Sunday, 6 September 2009

Excuses, exuses

I'm trying to make a film at the moment called "Fin". As I'm fairly busy with the day job (not complaining!) I'm using any spare time I have to progress it. So this has resulted in a lack of blogging. Excuses aside I want to put up a study I did of a Touch of Evil sequence that was filmed in one take. The aim is to have a closer look at some of the films, shots and general things out there that tingle my spine and figure out why. Does anyone know what that tingle is?

Touch of Evil - Shot Study 1

Hmm wonder who is in charge of this situation. Orson Welles plays the loathsome Police Captain Hank Quinlan who is at the apartment to question the lover of a daughter whose father was blown to smithereens at the beginning of the movie Touch of Evil. Now that opening sequence is one of the most famous long takes in history - but lets look a little further into this much more subtle moment. Hot Mexican air, tension, TNT and doughnuts.

Touch of Evil - Shot Study 2

Quinlan dominates this composition while he grumbles about a lack of doughnuts or coffee to one of his lackies. Vargas, played by Charlton Heston, is still unsure to his authority. Boxed in and nervous to overstep the mark.

All eyes on the girl who perhaps holds the key to the murder of her father. The lover Sanchez can only look on as she is taken away. Quinlan looms over the proceedings like a puppeteer.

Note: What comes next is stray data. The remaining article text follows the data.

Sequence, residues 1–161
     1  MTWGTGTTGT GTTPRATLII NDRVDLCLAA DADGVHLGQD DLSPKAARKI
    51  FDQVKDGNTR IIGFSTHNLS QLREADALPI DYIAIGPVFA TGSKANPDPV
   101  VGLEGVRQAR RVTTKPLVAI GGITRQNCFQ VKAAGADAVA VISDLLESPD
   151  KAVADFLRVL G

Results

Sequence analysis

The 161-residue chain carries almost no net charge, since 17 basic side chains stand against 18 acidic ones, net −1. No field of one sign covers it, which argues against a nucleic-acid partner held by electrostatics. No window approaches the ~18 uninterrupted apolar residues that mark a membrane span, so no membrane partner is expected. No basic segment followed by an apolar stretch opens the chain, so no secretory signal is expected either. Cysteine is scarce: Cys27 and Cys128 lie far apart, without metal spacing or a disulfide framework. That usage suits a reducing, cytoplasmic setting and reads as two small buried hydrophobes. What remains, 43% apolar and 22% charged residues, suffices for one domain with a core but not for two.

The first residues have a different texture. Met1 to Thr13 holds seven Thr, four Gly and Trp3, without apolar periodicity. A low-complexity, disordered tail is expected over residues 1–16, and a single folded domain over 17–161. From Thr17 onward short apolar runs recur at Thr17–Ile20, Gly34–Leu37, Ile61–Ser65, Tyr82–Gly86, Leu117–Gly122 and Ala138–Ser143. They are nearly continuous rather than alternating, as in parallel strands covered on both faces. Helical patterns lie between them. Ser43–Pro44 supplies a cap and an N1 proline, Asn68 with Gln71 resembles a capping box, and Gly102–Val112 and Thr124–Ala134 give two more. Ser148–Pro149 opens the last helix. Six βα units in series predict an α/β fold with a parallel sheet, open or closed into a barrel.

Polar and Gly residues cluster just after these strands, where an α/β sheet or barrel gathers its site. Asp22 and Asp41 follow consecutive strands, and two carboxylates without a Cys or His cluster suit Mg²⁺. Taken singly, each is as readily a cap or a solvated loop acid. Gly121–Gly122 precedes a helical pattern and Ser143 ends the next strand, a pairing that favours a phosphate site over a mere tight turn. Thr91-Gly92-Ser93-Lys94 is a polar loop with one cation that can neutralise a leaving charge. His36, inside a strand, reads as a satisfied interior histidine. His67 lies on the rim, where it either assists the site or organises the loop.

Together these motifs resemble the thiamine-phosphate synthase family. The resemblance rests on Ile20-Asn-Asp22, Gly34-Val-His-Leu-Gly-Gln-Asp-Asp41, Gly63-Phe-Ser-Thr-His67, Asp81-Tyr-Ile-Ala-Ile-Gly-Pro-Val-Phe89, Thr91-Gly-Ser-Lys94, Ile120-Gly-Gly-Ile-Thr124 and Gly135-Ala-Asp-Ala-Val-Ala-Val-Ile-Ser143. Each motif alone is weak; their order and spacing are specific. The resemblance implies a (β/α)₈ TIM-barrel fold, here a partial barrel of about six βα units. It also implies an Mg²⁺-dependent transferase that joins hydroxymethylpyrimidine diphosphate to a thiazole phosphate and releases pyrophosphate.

Touch of Evil - Shot Study 3

Here Vargas is lit by the halo of light, appropriate as he now finds himself a sort of guardian angel of the accused Sanchez.

The final composition I got to was this last battle for Sanchez. While he remains a small figure dwarfed by Quinlan and Vargas, it is Vargas who takes more of the space and remains strong, Quinlan draws away a little, perhaps revealing his guilt, having already planted the incriminating dynamite in the bathroom at the very beginning of the scene.

Touch of Evil - One Shot apartment Sequence Directed by Orson Welles

Now in all its black and white glory. Just think about the logistics of all those people in that tiny set, the huge cameras they had back then, but the fun they must of had pulling it off, like a live stage show. Welles spent much of his life in theatre and was often accused of theatrical shots - a lack of reality, real life. But strangely theatre was real life, real people up there on the stage in front of you night after night. As the scene demands he choreographs a sequence that embraces the nervous energy of the actors, the nervous energy of life.